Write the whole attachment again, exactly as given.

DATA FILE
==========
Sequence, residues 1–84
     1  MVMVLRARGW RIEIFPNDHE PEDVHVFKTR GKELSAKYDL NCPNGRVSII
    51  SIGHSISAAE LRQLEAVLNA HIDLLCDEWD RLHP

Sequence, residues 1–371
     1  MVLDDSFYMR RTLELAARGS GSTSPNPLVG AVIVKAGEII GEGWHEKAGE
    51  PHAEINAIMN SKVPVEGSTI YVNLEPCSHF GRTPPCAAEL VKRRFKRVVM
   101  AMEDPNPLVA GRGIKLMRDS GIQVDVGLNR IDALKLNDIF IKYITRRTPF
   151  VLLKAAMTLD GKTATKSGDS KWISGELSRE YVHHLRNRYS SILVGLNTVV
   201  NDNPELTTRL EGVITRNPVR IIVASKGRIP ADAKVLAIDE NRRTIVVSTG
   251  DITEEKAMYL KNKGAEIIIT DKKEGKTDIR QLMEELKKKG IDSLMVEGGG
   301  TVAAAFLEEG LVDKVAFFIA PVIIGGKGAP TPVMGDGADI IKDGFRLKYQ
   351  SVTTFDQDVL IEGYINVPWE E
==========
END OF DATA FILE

Sequence, residues 1–84
     1  MVMVLRARGW RIEIFPNDHE PEDVHVFKTR GKELSAKYDL NCPNGRVSII
    51  SIGHSISAAE LRQLEAVLNA HIDLLCDEWD RLHP

Sequence, residues 1–371
     1  MVLDDSFYMR RTLELAARGS GSTSPNPLVG AVIVKAGEII GEGWHEKAGE
    51  PHAEINAIMN SKVPVEGSTI YVNLEPCSHF GRTPPCAAEL VKRRFKRVVM
   101  AMEDPNPLVA GRGIKLMRDS GIQVDVGLNR IDALKLNDIF IKYITRRTPF
   151  VLLKAAMTLD GKTATKSGDS KWISGELSRE YVHHLRNRYS SILVGLNTVV
   201  NDNPELTTRL EGVITRNPVR IIVASKGRIP ADAKVLAIDE NRRTIVVSTG
   251  DITEEKAMYL KNKGAEIIIT DKKEGKTDIR QLMEELKKKG IDSLMVEGGG
   301  TVAAAFLEEG LVDKVAFFIA PVIIGGKGAP TPVMGDGADI IKDGFRLKYQ
   351  SVTTFDQDVL IEGYINVPWE E